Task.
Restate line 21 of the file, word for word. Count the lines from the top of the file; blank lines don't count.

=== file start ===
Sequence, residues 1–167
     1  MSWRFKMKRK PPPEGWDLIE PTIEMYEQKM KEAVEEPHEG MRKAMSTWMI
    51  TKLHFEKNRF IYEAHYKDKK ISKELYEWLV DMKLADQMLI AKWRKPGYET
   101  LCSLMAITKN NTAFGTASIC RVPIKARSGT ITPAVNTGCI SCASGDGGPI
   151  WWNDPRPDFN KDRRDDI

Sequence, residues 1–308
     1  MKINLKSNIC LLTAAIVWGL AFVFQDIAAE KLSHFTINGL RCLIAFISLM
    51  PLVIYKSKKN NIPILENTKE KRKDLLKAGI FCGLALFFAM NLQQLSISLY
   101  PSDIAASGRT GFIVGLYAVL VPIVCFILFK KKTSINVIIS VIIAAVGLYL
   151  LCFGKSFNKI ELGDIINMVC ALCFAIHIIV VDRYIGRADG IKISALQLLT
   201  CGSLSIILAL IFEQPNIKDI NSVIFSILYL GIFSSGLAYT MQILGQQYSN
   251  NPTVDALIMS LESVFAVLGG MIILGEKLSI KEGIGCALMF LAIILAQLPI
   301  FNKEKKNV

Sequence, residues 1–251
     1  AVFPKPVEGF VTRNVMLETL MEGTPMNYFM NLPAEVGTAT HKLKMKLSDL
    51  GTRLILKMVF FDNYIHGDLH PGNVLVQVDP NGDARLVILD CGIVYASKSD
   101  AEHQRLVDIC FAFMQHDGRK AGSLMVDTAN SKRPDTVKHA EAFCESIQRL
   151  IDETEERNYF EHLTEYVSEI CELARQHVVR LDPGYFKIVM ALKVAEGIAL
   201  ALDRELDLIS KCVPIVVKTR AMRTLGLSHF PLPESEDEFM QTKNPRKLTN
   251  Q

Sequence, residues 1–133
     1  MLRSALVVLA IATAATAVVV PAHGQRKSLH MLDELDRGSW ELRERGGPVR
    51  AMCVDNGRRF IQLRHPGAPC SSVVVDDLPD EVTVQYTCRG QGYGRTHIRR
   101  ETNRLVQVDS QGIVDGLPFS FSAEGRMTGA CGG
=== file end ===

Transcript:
Sequence, residues 1–133